There are few things the literary community relishes more than the appearance of a polarizing high-profile book. Sure, any author about to release their baby into the wild will be hoping for unqualified praise from all corners, but what the lovers of literary criticism and book twitter aficionados amongst us are generally more interested in is seeing a title (intelligently) savaged and exalted in equal measure. It’s just more fun, dammit, and, ahem, furthermore, it tends to generate a more wide-ranging and interesting discussion around the title in question. With that in mind, welcome to a new series we’re calling Point/Counterpoint, in which we pit two wildly different reviews of the same book—one positive, one negative—against one another and let you decide which makes the stronger case.
Lucy Ellmann’s Ducks, Newburyport has taken the literary world by storm. It was shortlisted for this year’s Booker Prize, and, despite its hefty size, it seems like everyone wants to get their hands on it (Seriously, it’s out of stock at all the bookstores we’ve been to!) This one-thousand-page novel, unspooling in what is essentially one sentence, relays the stream of consciousness of an Ohio housewife. She flits between topics like Trump, gun violence, climate change, animal cruelty, and SpaghettiOs—and paints a portrait of contemporary America in the process.
The reviews have been, for the most part, absolute raves. Ian Sansom in The Guardian calls it a “triumph.” Katy Waldman in The New Yorker tells us that, “Much of the pleasure of this book is the pleasure of learning a puzzle’s rules.” In The Financial Times, Catherine Taylor remarks, “In Ducks, Newburyport Ellmann has created a wisecracking, melancholy Mrs Dalloway for the internet age.” Sebastian Sarti of Chicago Review of Books praises it as, “an effervescent novel…that encompasses a contemporary life by underscoring the material language that composes its consciousness.”
But of course it’s not everyone’s cup of tea. Kirkus says, “All this memory and reflection and agonizing comes in an onrushing flow of language that slips often—deliberately, it seems, but too obviously—into games of throwaway word association.”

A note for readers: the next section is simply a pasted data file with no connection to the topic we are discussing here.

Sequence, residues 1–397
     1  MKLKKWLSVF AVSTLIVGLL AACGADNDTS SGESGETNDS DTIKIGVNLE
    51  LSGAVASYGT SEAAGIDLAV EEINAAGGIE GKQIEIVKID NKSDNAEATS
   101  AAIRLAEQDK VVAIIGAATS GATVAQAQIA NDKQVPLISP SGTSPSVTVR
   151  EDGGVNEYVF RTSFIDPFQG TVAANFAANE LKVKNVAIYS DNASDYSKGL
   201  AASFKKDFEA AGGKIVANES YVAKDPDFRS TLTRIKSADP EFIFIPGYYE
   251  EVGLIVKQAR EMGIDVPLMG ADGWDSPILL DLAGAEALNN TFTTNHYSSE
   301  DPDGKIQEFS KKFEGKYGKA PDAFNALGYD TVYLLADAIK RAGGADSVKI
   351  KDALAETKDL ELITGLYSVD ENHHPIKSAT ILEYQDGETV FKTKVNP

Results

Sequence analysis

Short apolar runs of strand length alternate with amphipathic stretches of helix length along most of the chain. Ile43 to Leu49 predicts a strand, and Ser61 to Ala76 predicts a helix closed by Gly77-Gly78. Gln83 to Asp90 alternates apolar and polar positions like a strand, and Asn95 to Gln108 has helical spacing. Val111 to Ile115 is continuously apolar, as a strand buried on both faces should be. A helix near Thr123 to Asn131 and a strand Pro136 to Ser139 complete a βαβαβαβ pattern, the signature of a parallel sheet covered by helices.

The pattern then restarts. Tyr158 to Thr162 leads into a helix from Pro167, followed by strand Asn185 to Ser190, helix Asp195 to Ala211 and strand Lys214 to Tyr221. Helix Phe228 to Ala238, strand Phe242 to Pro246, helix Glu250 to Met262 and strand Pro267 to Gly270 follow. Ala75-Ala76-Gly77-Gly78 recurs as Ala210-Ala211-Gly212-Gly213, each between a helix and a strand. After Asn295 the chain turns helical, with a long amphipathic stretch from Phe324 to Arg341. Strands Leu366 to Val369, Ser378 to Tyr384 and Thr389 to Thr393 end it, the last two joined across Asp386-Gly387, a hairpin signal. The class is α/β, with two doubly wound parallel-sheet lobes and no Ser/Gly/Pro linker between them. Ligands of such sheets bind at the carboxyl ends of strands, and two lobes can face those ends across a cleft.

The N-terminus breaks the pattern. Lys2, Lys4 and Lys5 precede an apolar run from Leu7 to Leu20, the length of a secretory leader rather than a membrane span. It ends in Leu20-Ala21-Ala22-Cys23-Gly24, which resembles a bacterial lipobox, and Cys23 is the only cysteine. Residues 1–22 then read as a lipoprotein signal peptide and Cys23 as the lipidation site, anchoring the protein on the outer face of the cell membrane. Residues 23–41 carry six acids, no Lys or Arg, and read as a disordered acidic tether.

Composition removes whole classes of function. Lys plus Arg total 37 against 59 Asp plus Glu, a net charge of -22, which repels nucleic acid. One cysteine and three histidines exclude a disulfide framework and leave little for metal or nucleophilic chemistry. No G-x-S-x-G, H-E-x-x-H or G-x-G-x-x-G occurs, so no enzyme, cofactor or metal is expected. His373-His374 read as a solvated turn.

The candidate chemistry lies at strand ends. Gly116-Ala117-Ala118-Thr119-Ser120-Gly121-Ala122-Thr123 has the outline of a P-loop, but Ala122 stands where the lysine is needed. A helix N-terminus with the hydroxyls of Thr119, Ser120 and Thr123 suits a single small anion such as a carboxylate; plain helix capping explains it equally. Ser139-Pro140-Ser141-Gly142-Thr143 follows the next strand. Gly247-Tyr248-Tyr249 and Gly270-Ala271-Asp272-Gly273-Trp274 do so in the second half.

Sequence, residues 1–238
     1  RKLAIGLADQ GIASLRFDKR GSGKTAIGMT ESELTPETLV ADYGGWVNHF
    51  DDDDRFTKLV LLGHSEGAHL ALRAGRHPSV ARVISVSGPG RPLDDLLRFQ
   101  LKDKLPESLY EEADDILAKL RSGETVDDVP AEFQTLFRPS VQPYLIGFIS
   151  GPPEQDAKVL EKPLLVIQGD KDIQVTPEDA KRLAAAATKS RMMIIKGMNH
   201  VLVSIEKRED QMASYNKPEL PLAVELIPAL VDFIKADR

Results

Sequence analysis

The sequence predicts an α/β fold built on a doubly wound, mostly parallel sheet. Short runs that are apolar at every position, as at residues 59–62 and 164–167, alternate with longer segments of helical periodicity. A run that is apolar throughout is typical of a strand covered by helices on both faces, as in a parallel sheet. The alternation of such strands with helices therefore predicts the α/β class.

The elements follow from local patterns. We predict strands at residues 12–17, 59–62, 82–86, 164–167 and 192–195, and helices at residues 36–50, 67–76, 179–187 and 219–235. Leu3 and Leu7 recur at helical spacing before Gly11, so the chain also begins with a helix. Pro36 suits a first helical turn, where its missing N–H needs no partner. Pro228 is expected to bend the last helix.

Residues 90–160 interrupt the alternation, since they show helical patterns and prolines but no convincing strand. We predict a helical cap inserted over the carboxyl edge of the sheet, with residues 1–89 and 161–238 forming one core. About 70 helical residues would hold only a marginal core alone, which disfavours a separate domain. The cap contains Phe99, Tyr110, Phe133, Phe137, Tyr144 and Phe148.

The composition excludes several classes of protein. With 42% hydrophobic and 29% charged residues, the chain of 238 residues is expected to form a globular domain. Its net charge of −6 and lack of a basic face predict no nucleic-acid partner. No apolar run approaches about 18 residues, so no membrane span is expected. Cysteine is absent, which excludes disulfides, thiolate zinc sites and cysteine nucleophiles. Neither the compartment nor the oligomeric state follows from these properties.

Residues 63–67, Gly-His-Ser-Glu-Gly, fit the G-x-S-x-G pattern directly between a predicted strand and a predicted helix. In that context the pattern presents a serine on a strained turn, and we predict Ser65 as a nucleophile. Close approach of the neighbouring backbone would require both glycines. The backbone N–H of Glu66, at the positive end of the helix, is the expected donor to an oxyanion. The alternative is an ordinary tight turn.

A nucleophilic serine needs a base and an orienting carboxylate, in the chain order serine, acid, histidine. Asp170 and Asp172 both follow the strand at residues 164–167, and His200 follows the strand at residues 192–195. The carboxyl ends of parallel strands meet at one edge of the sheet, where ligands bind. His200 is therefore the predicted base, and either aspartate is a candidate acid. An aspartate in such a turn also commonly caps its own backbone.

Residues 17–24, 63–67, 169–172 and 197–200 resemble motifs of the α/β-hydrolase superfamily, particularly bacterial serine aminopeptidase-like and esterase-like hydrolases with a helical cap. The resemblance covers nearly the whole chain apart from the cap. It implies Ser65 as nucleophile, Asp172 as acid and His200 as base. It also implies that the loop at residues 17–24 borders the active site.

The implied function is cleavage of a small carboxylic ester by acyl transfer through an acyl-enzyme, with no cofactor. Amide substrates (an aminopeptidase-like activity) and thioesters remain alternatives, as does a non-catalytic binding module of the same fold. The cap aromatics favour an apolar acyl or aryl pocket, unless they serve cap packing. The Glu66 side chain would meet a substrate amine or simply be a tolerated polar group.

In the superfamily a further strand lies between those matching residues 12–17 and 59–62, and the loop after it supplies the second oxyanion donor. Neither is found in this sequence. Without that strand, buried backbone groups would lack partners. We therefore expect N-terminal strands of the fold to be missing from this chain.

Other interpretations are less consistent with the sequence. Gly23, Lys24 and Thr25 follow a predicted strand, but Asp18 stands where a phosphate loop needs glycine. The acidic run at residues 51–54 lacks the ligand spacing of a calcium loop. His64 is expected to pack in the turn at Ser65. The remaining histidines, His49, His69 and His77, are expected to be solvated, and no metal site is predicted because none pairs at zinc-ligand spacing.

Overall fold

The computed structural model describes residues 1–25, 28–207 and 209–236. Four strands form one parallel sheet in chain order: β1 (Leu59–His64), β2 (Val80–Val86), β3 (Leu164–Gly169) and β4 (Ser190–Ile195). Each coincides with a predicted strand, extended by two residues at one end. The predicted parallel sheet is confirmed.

Today, we’re looking at Parul Sehgal’s very positive New York Times review, which notes, “[Ducks, Newburyport] feels dense at first, a bit like drowning, without a period or paragraph break in sight. But a rhythm asserts itself and a structure, musical and associative.” In the other corner, we’ve got Scott Bradfield’s more mixed Washington Post review, which states, “Maybe we don’t need reminding what a mess we’re drowning in.”
What do you say, dear reader? Ready to dive in?
When you are all sinew, struggle and solitude, your young—being soft, plump, vulnerable—may remind you of prey.
“… requires patience and good cheer; otherwise you may not find your way through the continual and often exasperating redundancies that occur on every one of this book’s pages … The novel bombards its reader with info-bites—funny, sad, thoughtful, angry, confused, apocalyptic—with the ceaseless regularity of a combustion engine. Sometimes the repetition can drive a weak mind (like mine) a bit mad; but every time I was about to put the book down and walk away, I would be struck again by the protagonist’s bright, unpretentious, ironic voice … The narrative voice that drives this inexhaustible and exhausting accumulation of ‘facts’ is surprisingly interesting, engaging and inventive … Ellmann’s fictional world reminds us, over and over, that yeah, we get it. We live here, too, lady. We feel engulfed, every day when we wake up and every night when we go to bed. Engulfed, engulfed, engulfed. The world just doesn’t quit, does it? … My biggest failure as a reader of Ducks (and I’ll have to leave it to posterity to decide if this is my failure or the book’s) was in trying to discern a ‘front story’ … maybe we don’t need reminding what a mess we’re drowning in. Or maybe it’s just too late.”
–Scott Bradfield, The Washington Post
“… seems designed to thwart the timid or lazy reader but shouldn’t. Timid, lazy readers to the front! Ellmann’s unnamed narrator, a mother of four living in Ohio, has a cutting power of observation and a depressive charm … This book has its face pressed up against the pane of the present; its form mimics the way our minds move now: toggling between tabs, between the needs of small children and aging parents, between news of ecological collapse and school shootings while somehow remembering to pay taxes and fold the laundry … feels dense at first, a bit like drowning, without a period or paragraph break in sight. But a rhythm asserts itself and a structure, musical and associative … Never mind the mountain lioness subplot, the novel’s most startling feature is the marriage at its center: the narrator’s life with her husband, their steadiness and mutual enchantment, their kindness to each other. In literature, sometimes nothing seems so extraordinary as ordinary happiness … The capaciousness of the book allows Ellmann to stretch and tell the story of one family on a canvas that stretches back to the bloody days of Western expansion, but its real value feels deeper—it demands the very attentiveness, the care, that it enshrines.”
–Parul Sehgal, The New York Times
Here’s what Lucy Ellmann said in response to some of the whiny criticism around her book.
Here’s a conversation with Lucy Ellmann.